MIAMI, Nov 12 (Reuters) - With little land left to build on between the Everglades and the Atlantic Ocean, Miami developers are going vertical, converting the city from a sprawling suburbia to a dense metropolis.
Dazzling luxury condo towers designed by top architects highlight what some have called the “Manhattanization of Miami.” But with the glamour come mounting traffic woes, and politicians and residents are scrambling for long-neglected mass transit solutions.
Miami has risen to between 7th and 12th on two U.S. indexes for worst traffic congestion. The city has one of the least-developed mass transit systems among the world’s major metropolitan areas.
Gridlock could tarnish the gloss on Miami’s image and hurt efforts to lure new residents and companies to its sunny shores, civic leaders fear. They warn that without swift action, such as an expanded Metrorail system, rapid bus lanes and trolleys, people may find themselves trapped in their fancy pads.
Imagine the nightmare, says Seth Gordon, a Miami publicist: “You just bought an apartment, the view is to die for and the amenities are wonderful, but you can’t get out.”
Downtown Miami had 80,750 residents in 2014, double its population in 2000. On weekdays, the number of people in the city center surpasses 222,000.
It is poised to get more crowded as the massive $1.05 billion Brickell City Centre nears completion, with a shopping mall, two office towers, almost 900 apartments and a hotel. Just to the north, the $1.7 billion Miami Worldcenter is under development, including a 765,000-square-foot mall, an 1,800-room hotel, and a 60-story condominium tower.
Exacerbating the traffic problem is a lack of affordable housing in the city center, forcing many to commute from the suburbs of Miami-Dade County, with a population of 2.6 million residents across 2,400 square miles.
Since the market revived in 2011, 239 new condo towers with 33,738 units have been proposed or are under construction in Miami-Dade County, according to Peter Zalewski of Miami-based real estate consultant Condo Vultures.
Mass transit advocates say Miami has a lot of work to do.
The city’s bus system is notoriously inefficient. Its Metrorail was only recently extended from downtown to the Miami airport, one of the busiest in the country. There is no rail link from the airport to the biggest tourist attraction, Miami Beach, or the downtown port of Miami which handles 5 million cruise ship passengers a year.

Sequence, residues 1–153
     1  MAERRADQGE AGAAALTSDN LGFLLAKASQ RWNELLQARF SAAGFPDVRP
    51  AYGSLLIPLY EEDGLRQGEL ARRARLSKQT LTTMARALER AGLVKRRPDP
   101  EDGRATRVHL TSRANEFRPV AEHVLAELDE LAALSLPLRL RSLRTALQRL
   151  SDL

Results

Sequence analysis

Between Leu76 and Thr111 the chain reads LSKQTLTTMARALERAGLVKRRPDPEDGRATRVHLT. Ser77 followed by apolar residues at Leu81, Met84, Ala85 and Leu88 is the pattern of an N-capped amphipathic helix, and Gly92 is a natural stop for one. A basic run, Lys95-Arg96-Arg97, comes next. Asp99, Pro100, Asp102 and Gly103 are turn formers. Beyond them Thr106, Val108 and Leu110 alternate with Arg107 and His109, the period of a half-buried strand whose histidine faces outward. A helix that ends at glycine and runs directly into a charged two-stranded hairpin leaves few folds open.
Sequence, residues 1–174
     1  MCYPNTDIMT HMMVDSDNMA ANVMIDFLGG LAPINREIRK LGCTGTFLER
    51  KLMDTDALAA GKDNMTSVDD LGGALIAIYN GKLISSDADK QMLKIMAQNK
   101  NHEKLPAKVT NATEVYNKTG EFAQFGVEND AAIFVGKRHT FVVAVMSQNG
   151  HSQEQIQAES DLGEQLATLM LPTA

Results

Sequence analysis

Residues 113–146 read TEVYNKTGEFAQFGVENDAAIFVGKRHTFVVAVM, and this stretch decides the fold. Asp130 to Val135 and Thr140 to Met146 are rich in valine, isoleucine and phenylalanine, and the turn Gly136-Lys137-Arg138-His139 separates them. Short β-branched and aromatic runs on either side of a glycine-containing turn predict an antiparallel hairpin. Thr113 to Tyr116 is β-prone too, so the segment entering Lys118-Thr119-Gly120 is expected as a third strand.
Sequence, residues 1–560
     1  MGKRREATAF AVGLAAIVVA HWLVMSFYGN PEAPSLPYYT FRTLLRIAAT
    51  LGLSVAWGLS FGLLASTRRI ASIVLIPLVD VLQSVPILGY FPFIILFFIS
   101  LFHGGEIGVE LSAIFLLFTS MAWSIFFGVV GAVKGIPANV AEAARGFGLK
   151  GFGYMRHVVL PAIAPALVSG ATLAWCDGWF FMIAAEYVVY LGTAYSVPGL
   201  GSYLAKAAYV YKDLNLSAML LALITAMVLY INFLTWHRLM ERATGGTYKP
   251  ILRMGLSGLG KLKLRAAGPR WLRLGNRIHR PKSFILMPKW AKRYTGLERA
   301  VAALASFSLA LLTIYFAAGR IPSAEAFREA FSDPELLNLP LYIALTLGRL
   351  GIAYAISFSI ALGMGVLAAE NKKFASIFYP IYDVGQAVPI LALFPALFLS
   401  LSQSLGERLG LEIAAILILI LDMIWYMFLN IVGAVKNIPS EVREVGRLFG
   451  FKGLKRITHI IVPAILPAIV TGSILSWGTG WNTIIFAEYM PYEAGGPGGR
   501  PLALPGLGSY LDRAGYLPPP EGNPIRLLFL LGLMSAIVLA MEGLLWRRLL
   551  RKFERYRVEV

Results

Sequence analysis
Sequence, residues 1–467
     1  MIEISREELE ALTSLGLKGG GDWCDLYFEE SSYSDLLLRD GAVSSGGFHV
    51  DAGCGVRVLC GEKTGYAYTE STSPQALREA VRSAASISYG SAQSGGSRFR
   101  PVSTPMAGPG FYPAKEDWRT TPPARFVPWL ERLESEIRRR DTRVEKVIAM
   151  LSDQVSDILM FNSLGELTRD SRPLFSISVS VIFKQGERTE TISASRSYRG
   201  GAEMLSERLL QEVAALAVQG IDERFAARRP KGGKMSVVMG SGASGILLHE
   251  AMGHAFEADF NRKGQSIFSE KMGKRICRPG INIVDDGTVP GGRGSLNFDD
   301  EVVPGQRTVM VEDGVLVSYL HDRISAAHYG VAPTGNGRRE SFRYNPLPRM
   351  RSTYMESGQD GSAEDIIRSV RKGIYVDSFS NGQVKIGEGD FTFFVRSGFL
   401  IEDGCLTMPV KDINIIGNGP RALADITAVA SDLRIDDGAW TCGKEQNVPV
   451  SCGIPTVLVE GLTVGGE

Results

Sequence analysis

A public outcry over traffic congestion has prompted officials to look for ways to create an interconnected mass transit network, including dedicated rapid bus transit lanes, city trolleys, bike trails and even water buses.
“For decades we promoted a lifestyle of freedom of mobility that relied on the car and now the chickens are coming home to roost,” said Miami-Dade County Commissioner Esteban Bovo.
Most agree that Miami’s roads are maxxed out. Still, expansion of the Metrorail at $100-200 million per mile would take years, and funding it would likely require private venture capital.
A five-day “green mobility” event this week called WHEELS is promoting hybrid solutions combining bus, rail and bike trails, with low-cost taxi services such as Uber and Lyft filling the gaps.
“Young professionals today want to live in urban areas and look less to cars,” said Juan Mullerat, an architect and urban planner with PlusUrbia Design.
Over the past five years, the long under-utilized Metrorail has increased annual ridership by 24 percent, local officials said.
“It saves me time and it saves me money,” said Arlen Polanco, 36, a nurse who rides Metrorail to work because the journey by car had become unbearable.
Civic activist Norman Braman, owner of Miami’s largest car dealership, urges smarter traffic light synchronization that can read real-time congestion, along with steps such as Venice-style vaporettos or water buses.
“The water is already there, we don’t have to wait 10 to 15 years to build a rail system,” he said.
Braman, a major financial backer of U.S. Senator Marco Rubio’s 2016 Republican presidential campaign, has led local efforts to defeat mass transit taxes over the last two decades. He has argued that the public sector cannot be trusted to spend the money efficiently to fix the problem.
Undeterred, local authorities are stepping up future plans through a $2 billion bond issue, including money for new diesel-electric buses equipped with Wi-Fi and a new mobile app to track buses.
New ordinances also allow downtown developers to build fewer parking spaces in new buildings to encourage a “rider-transit” culture. A recent project by Related Group, one of Miami’s largest real estate firms, offered 40 studios downtown with no parking.
“People want urbanization,” said Carlos Rosso, the firm’s president. “I happen to own one and I rent it out without problem.” (Writing by David Adams; editing by Colleen Jenkins and David Gregorio)